14.Lyotard, Jean-Francois. The Differend: Phrases in Dispute. Transl. Georges Van Den Abbeele. Minneapolis: University of Minnesota Press, 1988. p. 8.
15. Ibid., p. 10.
16. Ibid., p. 28.
17. Domańska, Ewa. Muzułman: świadectwo i figura. In: W sprawie Agambena. Konteksty krytyki. Ed. Łukasz Musiał, Mikołaj Ratajczak, Krystian Szadkowski and Arkadiusz Żychliński. Poznań: Wydawnictwo Poznańskie, 2010. p. 234-5.
18. Patterson, Charles. Eternal Treblinka: Our Treatment of Animals and the Holocaust. New York: Lantern Books, 2002.
19. Lyotard, Jean-Francois. The Differend: Phrases in Dispute. Transl. Georges Van Den Abbeele. Minneapolis: University of Minnesota Press, 1988. p. 13.
20. Agamben, Giorgio. Remnants of Auschwitz: the Witness and the Archive. Transl. Daniel Heller-Roazen. New York: Zone Books, 1999. p. 47.
21. Gawalewicz, Adolf. Refleksje z poczekalni do gazu: ze wspomnień muzułmana. Kraków: Wydawnictwo Literackie, 1968. p. 97, 132.
22. Kępiński, Antoni. Refleksje oświęcimskie. Kraków: Wydawnictwo Literackie, 2005. p. 22-23.
23. Descartes, Rene. From Letter to More. 5 February 1649. Transl. Anthony Kenny. In: The Animals Reader. The Essential Classic and Contemporary Writings. Ed. Kalof, Linda and Fitzgerald, Amy. Oxford-New York: Berg, 2007. p. 61.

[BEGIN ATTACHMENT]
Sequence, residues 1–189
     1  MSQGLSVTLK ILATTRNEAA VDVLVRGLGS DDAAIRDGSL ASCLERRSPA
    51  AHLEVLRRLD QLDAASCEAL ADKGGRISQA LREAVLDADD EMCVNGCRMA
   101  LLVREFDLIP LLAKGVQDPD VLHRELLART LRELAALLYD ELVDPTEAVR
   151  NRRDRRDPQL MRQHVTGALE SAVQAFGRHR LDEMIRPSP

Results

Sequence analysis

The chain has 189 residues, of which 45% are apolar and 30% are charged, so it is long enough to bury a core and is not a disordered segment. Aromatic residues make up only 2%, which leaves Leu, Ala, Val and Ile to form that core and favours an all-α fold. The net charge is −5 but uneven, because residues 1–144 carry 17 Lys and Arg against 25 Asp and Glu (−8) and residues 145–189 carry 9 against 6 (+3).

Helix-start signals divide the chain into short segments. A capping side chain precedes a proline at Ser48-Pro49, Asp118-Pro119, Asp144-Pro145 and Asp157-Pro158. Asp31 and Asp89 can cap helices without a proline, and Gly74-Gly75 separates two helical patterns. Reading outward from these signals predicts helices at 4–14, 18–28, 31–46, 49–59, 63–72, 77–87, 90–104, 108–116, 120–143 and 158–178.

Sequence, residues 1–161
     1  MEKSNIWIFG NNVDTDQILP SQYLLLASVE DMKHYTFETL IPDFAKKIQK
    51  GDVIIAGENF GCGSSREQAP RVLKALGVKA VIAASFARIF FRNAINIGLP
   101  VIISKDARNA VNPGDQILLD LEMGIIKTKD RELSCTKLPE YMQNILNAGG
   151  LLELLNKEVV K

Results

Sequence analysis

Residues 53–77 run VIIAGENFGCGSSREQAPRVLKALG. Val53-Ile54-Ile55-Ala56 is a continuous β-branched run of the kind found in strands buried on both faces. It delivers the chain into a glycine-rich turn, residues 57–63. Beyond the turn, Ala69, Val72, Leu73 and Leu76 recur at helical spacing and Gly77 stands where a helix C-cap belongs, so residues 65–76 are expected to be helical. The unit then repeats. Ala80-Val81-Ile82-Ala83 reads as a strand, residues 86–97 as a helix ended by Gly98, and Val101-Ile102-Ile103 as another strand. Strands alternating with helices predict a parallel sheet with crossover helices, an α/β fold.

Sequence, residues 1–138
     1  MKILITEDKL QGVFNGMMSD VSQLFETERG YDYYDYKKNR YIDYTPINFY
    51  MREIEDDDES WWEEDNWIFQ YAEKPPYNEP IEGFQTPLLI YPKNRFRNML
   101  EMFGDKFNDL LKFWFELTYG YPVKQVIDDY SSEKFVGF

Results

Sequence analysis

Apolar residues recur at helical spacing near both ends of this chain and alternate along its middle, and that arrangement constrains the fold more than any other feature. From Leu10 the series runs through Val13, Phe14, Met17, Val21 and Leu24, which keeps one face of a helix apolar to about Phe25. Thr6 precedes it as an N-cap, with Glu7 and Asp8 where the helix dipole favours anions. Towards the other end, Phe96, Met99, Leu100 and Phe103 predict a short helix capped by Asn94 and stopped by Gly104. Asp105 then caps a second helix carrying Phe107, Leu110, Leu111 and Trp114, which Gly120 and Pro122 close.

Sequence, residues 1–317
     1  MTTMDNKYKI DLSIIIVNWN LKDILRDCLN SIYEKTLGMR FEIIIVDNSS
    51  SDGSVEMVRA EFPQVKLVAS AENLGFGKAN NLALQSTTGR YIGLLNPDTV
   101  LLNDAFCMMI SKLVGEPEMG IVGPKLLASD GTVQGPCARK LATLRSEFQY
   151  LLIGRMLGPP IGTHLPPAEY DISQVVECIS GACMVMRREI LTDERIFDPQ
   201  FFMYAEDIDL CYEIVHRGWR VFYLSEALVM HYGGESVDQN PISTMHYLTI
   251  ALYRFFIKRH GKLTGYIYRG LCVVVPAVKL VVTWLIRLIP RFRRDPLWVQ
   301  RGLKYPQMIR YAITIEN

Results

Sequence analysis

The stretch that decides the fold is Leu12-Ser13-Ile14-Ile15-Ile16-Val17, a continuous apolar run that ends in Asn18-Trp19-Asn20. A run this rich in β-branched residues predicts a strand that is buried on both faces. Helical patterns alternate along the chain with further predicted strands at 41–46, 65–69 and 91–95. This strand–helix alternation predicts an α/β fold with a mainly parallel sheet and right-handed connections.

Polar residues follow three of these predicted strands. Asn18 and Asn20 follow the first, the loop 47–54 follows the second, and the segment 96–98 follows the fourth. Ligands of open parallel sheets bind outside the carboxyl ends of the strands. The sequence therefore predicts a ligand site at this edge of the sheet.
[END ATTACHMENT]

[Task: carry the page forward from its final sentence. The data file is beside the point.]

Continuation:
24. Domańska, Ewa. Muzułman: świadectwo i figura. In: W sprawie Agambena. Konteksty krytyki. Ed. Łukasz Musiał, Mikołaj Ratajczak, Krystian Szadkowski and Arkadiusz Żychliński. Poznań: Wydawnictwo Poznańskie, 2010. p. 243.
25. Auerbach, Erich. Mimesis: The Representation of Reality in Western Literature. Transl. Willard Trask. Introd. Edward Said. Princeton: Princeton University Press, 2003. p. 195-6.
26. Agamben, Giorgio. Che cos'è un paradigma? In: Signatura rerum. Sul metodo. Torino: Bollati Boringhieri, 2008. p. 11
27.Wolfe, Cary. What is Posthumanism? Minneapolis-London: University of Minnesota Press, 2010.
28.Cixous, Hélène. Stigmata. Escaping texts. Transl. Eric Prenowitz. London – New York: Routledge, 2005. p. 248.
29. Ibid., p. 249.
30. Ibid., p. 249.
31. Ibid., p. 250
33.Ibid., p. 251
34. Ibid., p. 255.
35. Ibid., p. 256.
36. Ibid., p. 259.
37. Levinas, Emmanuel. The Name of a Dog, or Natural Rights. In: Difficult Freedom. Essays on Judaism. Transl. Sean Hand. Baltimore: The John Hopkins University Press, 1990. p. 153.
38. Cixous, Hélène. Stigmata. Escaping texts. Transl. Eric Prenowitz. London – New York: Routledge, 2005. p. 261.
39.    Weil, Kari. A Report on the Animal Turn. In: Differences: A journal of Feminist Cultural

Download this Paper